A friend posted on social media that her family cannot afford a Christmas tree, and feeling depressed, said she cannot afford Christmas this year. Another friend wrote about how their family is still paying off credit card debt from last year’s holiday shopping. Yet another friend said their family’s washing machine and refrigerator broke at the same time and they just spent their Christmas money on buying replacement appliances. This leaves many people feeling that no matter how much they work, no matter how much they give or how hard they try, it’s impossible to get ahead in life.
I remember working 70 to 80 hours a week last year during the holiday season to be able to afford everything extra that we wanted to have. In return for the money, I ended up spending little time with my family, was never able to enjoy a day of baking cookies, had no time for gift wrapping, and was never available for watching movies or sitting down for a home-cooked dinner. This year I’m still working a lot, but I’m also committed to my family and to the small things that make the holidays cherishable. For me it’s not about what money can buy, but about what money cannot buy.
There are simple ways to enjoy the holiday season without feeling overburdened with expenses. If you think you cannot afford Christmas, here are five ways that you can celebrate the holidays that does not involve spending a lot of money or taking out a new credit line at the bank.
1. Baking. Follow grandma’s simplest no-bake cookie recipe or go the distance with making iced sugar cookies, chocolate fondant, cheesecake, buckeyes, or cake pops. Homemade lollipops are relatively easy to make and kids love to decorate them with sprinkles and candies. The kids will love to join in on the fun of making candy, and you can shape lollipops and gingerbread cookies into ornaments for the tree.
2. Sending cards. Feeling thankful doesn’t have to stop after Thanksgiving. Think about who and what you are thankful for this year and make your own holiday cards from paper, glue, stamps, glitter, and recycled magazines and newspapers.
3. Singing. Local groups have carolling events during the holiday season in your local town. The holidays are a perfect time to join a church, school, or community organization to help organize and plan for special events.
4. Decorating. If you cannot afford a tree this year, have you thought about digging one up? The ground isn’t frozen yet. Be sure to ask the property owner if it’s OK to take the tree before you decide to cut it down or dig it up. The branches of pine and fir trees make excellent wreaths on a dime budget and will look so fancy that when people visit, they’ll think your home looks like something out of the Ladies Home Journal.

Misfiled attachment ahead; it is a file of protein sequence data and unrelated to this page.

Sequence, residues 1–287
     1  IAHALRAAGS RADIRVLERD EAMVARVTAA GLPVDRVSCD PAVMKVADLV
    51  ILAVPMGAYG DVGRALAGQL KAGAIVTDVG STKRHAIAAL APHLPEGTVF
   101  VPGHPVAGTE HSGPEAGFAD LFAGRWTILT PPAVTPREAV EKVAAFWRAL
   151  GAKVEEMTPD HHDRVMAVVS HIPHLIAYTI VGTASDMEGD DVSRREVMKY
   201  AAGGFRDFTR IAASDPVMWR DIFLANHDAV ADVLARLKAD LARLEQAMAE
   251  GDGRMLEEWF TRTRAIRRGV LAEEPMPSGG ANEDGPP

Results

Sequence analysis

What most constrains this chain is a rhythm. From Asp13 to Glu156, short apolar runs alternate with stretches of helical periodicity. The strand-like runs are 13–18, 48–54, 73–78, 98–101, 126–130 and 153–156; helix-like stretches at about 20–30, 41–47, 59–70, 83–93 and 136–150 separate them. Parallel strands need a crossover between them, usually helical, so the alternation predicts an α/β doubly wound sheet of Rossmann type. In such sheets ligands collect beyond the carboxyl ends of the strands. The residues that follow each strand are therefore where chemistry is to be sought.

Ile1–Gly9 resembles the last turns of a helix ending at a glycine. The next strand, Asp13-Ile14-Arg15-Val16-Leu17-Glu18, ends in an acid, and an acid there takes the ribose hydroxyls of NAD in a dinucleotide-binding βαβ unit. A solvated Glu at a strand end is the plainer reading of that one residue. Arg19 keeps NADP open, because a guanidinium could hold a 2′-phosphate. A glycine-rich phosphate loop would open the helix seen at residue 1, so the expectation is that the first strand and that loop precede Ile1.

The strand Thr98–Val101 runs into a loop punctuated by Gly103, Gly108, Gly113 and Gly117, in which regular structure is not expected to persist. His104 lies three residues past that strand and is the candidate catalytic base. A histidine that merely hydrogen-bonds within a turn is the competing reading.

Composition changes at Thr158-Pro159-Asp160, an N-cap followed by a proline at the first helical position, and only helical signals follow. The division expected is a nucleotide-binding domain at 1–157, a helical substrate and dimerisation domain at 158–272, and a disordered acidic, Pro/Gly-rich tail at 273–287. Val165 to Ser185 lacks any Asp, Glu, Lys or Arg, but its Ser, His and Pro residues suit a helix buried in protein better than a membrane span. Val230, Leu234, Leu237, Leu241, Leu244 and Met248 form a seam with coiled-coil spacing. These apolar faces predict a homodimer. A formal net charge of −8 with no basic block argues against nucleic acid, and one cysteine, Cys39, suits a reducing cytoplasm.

5. Presence. This year it’s not about “presents” but about “presence.” Your presence is the gift of life. To someone, your presence during the holidays may be the most important thing you have to offer. Take some time to think about who you can choose to share this special time of the year with and make a list of people you would like to see. Maybe it’s time to make room for someone new in your life.
In the United States there is an unhealthy emphasis on buying a lot of gifts and unfortunately, commercial advertisements are designed to make people feel worthless when they cannot afford to purchase the latest technology and toy. This creates lasting negative mental health affects.
Americans will spend over $4 billion on buying things for Christmas this year alone. Have you ever considered that as people increasingly spend more money, the number of people experiencing depression and sadness also increases? But in other cultures across the world, celebrations and food are the centerpieces of the holidays, and families feel content with exchanging only one or two gifts. According to data, they’re also much happier.
We’d love to hear from you and share what you are doing this year with your favorite holiday traditions to make the season memorable. Please feel free to send me a note and we might use it for a featured column.
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